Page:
Second-generation Cadillac CTS-V wagon
Second-generation Cadillac CTS-V wagon

When asked in 2009 about the possibility of a CTS-V wagon, the GM Vice Chairman at that time, Bob Lutz, replied, "... should sufficient demand materialize, there is no reason why we couldn't do a V-series wagon, and I would be standing in line for one, just ahead of you." GM decided to move forward, introducing a 5-door sport wagon body style to the CTS-V vehicle line at the New York International Auto Show on March 29, 2010.

The CTS-V wagon shares the 556 hp (415 kW) engine and six-speed manual or automatic transmission, Magnetic Ride Control, Brembo brakes, 19-inch aluminum wheels and performance tires and a dual-airflow grille also used in the CTS-V sedan and coupe.

The CTS-V coupe debuted at the 2010 North American International Auto Show in Detroit, and entered production in summer 2010 as a 2011 model. It has the same 556 hp (415 kW) engine and transmission choices as the CTS-V sedan. The CTS-V Coupe features unique centered twin exhausts, a larger grille for air intake, and an optional "saffron" interior trim color. Like the CTS-V sedan, it comes standard with 19-inch aluminum wheels, Brembo brakes, and Magnetic Ride Control.

Third-generation V series

Third generation Cadillac CTS-V
Third generation Cadillac CTS-V
Cadillac ATS-V
Cadillac ATS-V

The third generation CTS-V includes a 6.2 litre 640 hp LT4 supercharged gasoline V8 engine, as the most powerful Cadillac ever produced to date. The third generation CTS-V is sometimes referred to as a four-door Corvette, because of its supercharged V8 from the Corvette C7 Z06 and a top speed of 200 miles per hour. It weighs 4145 pounds. The new 2016 Cadillac CTS-V model equipped with an 8-speed automatic transmission has been street tested with a best 0-60 MPH test time of 3.6 seconds.[20]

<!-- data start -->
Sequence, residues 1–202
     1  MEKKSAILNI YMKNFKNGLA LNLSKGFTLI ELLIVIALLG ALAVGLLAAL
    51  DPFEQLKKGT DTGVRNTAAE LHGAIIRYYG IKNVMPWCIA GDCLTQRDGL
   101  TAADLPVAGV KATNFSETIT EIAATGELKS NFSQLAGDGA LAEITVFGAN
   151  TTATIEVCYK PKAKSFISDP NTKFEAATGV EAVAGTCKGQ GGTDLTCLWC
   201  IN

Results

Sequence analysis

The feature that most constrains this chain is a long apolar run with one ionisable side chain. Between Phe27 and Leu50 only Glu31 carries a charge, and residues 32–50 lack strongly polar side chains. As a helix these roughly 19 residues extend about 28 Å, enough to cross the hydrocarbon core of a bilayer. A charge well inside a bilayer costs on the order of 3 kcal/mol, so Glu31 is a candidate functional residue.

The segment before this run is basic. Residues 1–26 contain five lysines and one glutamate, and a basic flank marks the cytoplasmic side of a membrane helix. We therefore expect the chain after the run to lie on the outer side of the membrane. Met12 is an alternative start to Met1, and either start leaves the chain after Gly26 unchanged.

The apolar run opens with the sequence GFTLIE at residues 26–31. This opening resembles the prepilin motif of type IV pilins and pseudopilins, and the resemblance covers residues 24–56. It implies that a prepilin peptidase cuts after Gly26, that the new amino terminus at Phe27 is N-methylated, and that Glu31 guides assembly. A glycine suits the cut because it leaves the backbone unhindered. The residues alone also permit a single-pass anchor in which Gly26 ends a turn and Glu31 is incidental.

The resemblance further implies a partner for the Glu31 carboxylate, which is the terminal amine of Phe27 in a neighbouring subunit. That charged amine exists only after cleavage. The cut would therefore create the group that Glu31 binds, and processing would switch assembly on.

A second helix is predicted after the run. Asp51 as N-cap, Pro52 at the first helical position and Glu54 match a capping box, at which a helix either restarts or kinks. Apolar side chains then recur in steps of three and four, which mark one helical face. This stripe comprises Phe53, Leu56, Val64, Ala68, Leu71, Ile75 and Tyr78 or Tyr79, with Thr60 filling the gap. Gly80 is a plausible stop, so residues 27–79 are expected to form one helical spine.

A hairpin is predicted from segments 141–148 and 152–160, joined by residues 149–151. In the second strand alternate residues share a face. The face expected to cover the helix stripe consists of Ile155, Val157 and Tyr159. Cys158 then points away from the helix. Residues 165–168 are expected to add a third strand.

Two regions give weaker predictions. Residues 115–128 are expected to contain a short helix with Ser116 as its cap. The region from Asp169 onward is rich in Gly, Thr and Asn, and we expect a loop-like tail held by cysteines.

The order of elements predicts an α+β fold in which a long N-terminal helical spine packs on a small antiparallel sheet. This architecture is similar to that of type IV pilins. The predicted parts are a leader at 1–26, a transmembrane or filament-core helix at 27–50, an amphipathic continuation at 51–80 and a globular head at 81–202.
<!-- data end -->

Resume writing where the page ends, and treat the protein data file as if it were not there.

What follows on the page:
Vsport

Starting with XTS, the marque offers a step trim, called Vsport. The Vsport trim is the top of the XTS line, with a 3.6-litre (220 in3) turbocharged engine, producing 410 horsepower (310 kW). The next year,[when?] the third generation CTS was started to being offered with a Vsport trimline, however with an increased output of 420 horsepower (310 kW). Both of them were the only "V"-badged vehicles of Cadillac until announcement of CTS-V and ATS-V.

The V-Sport trim designation was discontinued with the CTS and XTS sedan phase-outs in 2019 and 2020, respectively.

CTS-V

The CTS-V continues the V8 engine tradition of V series, now with a LT4 engine shared with the Chevrolet Corvette (C7) Z06, producing 640 horsepower (480 kW) and 630 pound-feet (850 N⋅m), as the most powerful Cadillac ever produced till date. It weighs 4,145 pounds (1,880 kg) and its top speed is 200 miles per hour (320 km/h). It will be released as a 2016 model, along with smaller ATS-V. The third-generation CTS-V is set to rival the Mercedes-Benz E-63 AMG along with the BMW M5. It was discontinued with the CTS line in 2019.

ATS-V

The Cadillac ATS-V is intended to compete against BMW M4/BMW M3 and Audi RS4. The ATS-V is the first V6-engined V series of Cadillac ever, with a LF4 engine that produces 464 hp and 445 lb ft. The ATS-V was discontinued with the ATS line in 2019.

Fourth-generation V series

Cadillac CT6-V
Cadillac CT6-V
Cadillac CT5-V
Cadillac CT5-V
Cadillac CT4-V
Cadillac CT4-V

The fourth generation V series was the first to incorporate Cadillac's new "Escala" design language with the all-new Cadillac CT6-V in 2020. This began a new era for the V series, in that none of the three all-new V series sedans, the CT6-V, the CT5-V, nor the CT4-V, were available with a pushrod General Motors small-block V8 engine. The CT6-V made use of Cadillac's all-new Blackwing V8, while the CT5-V used GM's 3-liter twin-turbo LGY V6, and the CT4-V a 2.7 liter turbo inline 4-cylinder engine. This generation also marked the beginning of a new V series trim strategy, where the "V" trims would become the entry-level performance variants (a position previously held by the V-Sport trim level), and a new, higher V series trim would mark the high-power, hard-core performance variant, previously denoted by the straight "V." The higher-output CT5-V and CT4-V variants have been rumored to come equipped with the LT4 supercharged V8 and 3.6 High-Feature twin-turbo V6, respectively, and both will offer automatic and manual transmissions.

References

  1. ^ Alex Nunez (9 May 2008). "Green Hellraiser: Caddy CTS-V storms Nordschleife in 7:59.32". Autoblog. Retrieved September 28, 2015.
  2. ^ "Porsche Panamera Laps Nurburgring in 7:56; Faster Than CTS-V". Motor Trend Magazine. 13 July 2009. Retrieved September 28, 2015.
  3. ^ ATS-V sedan
  4. ^ coupe
  5. ^ 3rd generation CTS-V sedan

External links

This page was last edited on 7 August 2020, at 20:03